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As Dubai's property market goes through a transitional phase, industry pundits believe last week's Real Estate Brokers Conference at Cityscape Global provided a platform to ask pressing questions and get frank answers.
''The topics centred around the challenges real estate brokers face, the changes and rationale needed to standardise the industry here in Dubai,'' says Mario Volpi, Head of Project Sales at Asteco and chairman of the conference.
Volpi says the challenges remain broadly the same. ''I firmly believe that there are too many brokers in the industry chasing an ever decreasing slice of the property cake,'' he says. ''We need to raise the standard of these individuals from a professional and ethical to a legal level, to achieve cooperation and standardisation between brokers, companies and clients.''
Issues such as growing number of brokers, level of professionalism and quality of services are things that the forum had raised even in the past. The government had also introduced some measures, making the process of getting brokerage licences more stringent. But problems persist.
According to Daniel Hart, CEO of Masterkey, who was part of the panel, some of the major regulatory issues tackled included enforcement of Form A and imposing limits on the number of agents a realty firm can hire. Protecting owner databases is also very critical, he says.
''Everyone today has a copy of the owner databases and when a listing appears on a portal, other agents can just go to the owners directly. We need to crack down on the source of these databases and help give brokers the reassurance that their listings won't be stolen,'' he says.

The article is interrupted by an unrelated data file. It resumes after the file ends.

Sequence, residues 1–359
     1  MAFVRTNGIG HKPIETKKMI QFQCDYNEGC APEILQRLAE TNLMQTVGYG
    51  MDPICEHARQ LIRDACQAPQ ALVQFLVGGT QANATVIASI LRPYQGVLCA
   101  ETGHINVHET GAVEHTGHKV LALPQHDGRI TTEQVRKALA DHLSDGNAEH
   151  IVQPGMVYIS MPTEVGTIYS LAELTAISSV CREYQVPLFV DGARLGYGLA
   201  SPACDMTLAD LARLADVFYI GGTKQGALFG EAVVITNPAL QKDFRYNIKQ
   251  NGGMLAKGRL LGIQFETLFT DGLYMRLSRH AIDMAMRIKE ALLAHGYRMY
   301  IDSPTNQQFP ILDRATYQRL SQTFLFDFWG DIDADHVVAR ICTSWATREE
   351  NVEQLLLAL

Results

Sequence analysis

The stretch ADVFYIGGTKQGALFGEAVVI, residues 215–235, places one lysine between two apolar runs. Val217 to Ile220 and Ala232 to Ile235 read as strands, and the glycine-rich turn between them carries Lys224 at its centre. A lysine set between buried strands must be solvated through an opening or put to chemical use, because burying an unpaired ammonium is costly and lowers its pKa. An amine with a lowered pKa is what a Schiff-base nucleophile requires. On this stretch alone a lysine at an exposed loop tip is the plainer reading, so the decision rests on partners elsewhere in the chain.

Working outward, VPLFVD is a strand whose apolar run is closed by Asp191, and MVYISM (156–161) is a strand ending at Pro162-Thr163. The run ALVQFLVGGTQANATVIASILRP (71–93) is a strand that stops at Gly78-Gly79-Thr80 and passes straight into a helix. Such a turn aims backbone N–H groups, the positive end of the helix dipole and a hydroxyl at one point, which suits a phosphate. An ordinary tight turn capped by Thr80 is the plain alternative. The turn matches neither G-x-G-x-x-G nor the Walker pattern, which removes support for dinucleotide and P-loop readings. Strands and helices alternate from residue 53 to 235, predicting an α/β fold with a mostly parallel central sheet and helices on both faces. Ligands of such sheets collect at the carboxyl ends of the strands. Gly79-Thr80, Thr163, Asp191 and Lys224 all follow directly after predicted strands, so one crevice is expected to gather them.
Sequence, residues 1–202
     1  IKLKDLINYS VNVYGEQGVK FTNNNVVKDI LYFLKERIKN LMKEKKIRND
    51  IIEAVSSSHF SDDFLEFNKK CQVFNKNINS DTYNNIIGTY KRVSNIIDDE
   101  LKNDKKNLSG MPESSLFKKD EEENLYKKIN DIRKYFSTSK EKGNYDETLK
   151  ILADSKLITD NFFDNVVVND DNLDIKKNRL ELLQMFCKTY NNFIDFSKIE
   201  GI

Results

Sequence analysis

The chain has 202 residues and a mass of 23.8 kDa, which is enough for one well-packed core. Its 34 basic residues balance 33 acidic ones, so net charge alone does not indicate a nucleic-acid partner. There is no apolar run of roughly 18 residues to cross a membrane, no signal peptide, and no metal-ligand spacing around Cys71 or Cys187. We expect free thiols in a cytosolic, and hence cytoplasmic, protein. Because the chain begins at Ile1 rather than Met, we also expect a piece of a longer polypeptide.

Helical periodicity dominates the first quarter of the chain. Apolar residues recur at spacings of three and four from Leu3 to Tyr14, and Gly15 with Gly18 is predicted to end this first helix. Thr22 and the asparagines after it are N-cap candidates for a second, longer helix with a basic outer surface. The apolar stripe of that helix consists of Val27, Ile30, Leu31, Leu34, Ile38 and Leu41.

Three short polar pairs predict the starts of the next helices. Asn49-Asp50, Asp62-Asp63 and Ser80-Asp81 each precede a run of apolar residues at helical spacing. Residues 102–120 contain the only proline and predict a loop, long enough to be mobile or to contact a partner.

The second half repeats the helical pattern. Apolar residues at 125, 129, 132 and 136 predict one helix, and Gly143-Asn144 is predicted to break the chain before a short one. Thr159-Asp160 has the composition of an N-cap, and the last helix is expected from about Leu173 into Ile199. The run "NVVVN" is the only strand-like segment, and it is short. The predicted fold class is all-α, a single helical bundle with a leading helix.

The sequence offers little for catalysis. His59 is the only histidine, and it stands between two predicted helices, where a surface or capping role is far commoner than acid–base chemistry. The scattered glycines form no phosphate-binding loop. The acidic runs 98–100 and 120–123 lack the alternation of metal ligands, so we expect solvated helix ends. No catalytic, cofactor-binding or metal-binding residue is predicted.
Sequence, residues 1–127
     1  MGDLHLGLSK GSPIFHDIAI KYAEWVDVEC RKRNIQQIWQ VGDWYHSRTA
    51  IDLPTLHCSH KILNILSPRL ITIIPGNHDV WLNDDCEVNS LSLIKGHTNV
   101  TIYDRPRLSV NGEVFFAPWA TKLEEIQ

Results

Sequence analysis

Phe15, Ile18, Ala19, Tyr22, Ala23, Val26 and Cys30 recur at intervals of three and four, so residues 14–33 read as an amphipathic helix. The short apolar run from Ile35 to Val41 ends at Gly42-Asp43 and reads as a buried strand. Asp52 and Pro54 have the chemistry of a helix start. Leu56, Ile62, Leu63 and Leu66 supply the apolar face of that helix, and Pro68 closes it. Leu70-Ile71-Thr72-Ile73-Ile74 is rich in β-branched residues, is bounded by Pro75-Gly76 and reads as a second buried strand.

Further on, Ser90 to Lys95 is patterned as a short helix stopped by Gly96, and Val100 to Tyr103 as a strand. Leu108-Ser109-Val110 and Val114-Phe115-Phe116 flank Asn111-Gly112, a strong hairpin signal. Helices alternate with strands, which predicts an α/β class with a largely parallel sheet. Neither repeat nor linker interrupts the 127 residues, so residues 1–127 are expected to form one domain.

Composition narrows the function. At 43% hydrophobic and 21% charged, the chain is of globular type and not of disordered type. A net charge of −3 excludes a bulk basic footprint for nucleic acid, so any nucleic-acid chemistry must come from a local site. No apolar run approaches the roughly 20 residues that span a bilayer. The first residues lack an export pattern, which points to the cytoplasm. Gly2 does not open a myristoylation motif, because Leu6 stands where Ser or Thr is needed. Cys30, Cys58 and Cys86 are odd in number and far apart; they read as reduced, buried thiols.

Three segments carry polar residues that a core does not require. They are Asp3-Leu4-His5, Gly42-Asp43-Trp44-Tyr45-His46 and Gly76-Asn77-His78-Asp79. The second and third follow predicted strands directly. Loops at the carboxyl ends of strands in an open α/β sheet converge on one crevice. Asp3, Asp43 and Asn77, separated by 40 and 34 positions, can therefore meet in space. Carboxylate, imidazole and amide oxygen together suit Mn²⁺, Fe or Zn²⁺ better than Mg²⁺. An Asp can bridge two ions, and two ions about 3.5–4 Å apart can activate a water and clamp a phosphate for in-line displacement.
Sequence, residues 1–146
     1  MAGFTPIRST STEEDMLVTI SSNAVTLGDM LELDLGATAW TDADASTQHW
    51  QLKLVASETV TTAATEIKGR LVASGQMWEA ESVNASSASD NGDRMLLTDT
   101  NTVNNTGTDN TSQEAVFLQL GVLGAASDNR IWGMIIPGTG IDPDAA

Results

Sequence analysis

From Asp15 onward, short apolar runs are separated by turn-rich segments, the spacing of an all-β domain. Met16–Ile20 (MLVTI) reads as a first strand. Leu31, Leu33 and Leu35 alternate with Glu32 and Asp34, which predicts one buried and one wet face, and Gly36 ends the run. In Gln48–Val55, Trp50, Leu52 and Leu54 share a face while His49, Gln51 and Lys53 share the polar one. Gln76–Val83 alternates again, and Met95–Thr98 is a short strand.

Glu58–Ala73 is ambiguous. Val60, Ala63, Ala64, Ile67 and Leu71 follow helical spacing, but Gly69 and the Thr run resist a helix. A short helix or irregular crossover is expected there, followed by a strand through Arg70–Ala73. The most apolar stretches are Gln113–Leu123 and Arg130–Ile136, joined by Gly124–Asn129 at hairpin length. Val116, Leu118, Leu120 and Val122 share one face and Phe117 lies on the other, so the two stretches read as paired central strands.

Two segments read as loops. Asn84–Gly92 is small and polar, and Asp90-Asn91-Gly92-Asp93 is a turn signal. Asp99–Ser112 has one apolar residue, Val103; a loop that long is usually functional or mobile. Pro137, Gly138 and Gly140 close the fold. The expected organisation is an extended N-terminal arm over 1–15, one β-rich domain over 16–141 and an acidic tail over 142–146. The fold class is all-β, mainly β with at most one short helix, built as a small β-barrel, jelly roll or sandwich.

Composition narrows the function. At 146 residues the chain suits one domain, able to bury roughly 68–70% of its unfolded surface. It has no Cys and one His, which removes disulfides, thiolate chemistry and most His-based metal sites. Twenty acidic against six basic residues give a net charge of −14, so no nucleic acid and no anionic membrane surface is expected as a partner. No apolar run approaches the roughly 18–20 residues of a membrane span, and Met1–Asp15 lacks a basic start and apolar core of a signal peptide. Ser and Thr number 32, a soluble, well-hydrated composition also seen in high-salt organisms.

Hart, whose company provides real estate software solutions, points out that standardising locations and providing a way that software systems can detect duplication are important issues that need to be discussed more thoroughly. ''We want to help agents prevent duplicate listings but are hindered by the methods to detect duplicates,'' he explains. ''Most agents will not enter the title deed number or the Makani number, so doing so is challenging.''
Sallie Bowtell, Partner at Trowers and Hamlins, an international law firm, who was also on the panel, says the new deadline to register ownership interests in property by October 31 from the previously deadline of June 2015 is another topical issue.
''One of the challenges is that there are circulars and directives constantly issued throughout the relevant authorities, which are not made publicly available,'' she says.
Source: S. A. Kader, Special to Property Weekly